elderly patient blowing her nose with medications nearby
Infections remain a significant contributor to mortality among older adults, even with advancements in antibiotic treatments. Managing infections in this population poses unique challenges, necessitating early detection and treatment due to the increased risk of morbidity and mortality. In this article, we will delve into common infections in geriatric patients, encompassing early, middle, and late-stage symptoms, preventive measures, and prevalent treatment approaches, particularly for patients facing a terminal illness prognosis of six months or less.
Read MoreManaging Infections in the Geriatric Population

Understanding the Patient’s Question: When Will I Die?

Wirlpool
One common question that both patients (if they are mentally aware) and their loved ones often ask is about the timing of the patient's passing. While the exact answer lies beyond human knowledge, hospice nurses play a crucial role in assessing the patient's journey towards the end of life. In this article, we will explore how to provide a rough estimate using widely followed guidelines.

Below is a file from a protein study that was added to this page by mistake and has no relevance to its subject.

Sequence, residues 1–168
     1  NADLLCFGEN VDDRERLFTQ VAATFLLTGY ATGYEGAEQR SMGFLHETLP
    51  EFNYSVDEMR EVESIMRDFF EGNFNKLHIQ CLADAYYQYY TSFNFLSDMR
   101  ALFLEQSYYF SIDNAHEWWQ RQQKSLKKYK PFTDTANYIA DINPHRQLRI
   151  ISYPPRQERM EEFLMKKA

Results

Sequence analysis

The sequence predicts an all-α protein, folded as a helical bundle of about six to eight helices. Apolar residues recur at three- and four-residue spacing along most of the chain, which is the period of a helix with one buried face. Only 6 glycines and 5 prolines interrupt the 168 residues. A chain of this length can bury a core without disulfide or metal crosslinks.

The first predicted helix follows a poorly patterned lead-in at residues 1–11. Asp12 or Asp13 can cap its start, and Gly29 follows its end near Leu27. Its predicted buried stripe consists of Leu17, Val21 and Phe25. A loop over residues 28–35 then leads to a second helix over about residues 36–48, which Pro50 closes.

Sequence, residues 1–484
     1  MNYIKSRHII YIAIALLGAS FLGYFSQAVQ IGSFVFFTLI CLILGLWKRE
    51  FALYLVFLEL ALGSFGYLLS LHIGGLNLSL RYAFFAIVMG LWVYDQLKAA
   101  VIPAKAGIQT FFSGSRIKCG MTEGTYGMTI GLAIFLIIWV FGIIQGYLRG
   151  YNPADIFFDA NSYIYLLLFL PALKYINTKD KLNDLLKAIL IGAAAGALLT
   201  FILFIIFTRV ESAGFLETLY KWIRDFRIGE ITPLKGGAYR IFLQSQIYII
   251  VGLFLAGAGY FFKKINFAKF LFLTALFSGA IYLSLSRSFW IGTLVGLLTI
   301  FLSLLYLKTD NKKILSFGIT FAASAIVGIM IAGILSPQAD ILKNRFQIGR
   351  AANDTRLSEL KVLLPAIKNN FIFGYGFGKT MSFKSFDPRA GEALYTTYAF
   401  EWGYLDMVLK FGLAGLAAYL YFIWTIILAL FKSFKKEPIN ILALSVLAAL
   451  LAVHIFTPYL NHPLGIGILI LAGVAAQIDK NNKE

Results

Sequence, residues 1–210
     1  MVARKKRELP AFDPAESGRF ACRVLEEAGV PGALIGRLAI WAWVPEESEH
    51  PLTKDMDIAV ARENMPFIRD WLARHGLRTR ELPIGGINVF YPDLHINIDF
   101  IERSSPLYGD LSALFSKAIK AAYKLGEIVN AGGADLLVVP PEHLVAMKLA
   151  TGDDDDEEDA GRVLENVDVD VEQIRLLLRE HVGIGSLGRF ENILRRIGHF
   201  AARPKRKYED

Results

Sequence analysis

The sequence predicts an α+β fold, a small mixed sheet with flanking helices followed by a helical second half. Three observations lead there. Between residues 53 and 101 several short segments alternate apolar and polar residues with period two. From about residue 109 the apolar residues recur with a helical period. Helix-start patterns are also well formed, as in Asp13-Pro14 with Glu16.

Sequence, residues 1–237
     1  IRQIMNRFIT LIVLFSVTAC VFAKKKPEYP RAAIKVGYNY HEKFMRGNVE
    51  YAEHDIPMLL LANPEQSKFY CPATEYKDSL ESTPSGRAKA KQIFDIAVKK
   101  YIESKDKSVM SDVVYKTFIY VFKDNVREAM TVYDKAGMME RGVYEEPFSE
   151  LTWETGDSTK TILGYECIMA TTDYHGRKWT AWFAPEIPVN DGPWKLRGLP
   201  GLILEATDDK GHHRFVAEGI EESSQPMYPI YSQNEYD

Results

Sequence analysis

Read MoreUnderstanding the Patient’s Question: When Will I Die?

Understanding the Importance of the PAINAD Scale in Pain Assessment for Terminally Ill Patients

Paidad Scale To Assess For Pain Observationally
As experienced hospice nurses, our primary goal is to provide the best possible care and comfort to our terminally ill patients during their final journey. Pain management is a crucial aspect of hospice care, and it becomes even more challenging when dealing with patients who may have difficulty expressing their pain due to cognitive impairments or other factors. In such situations, the PAINAD scale emerges as a valuable tool for pain assessment. Let's explore why and when using the PAINAD scale is essential, particularly when patients consistently over or underreport their pain.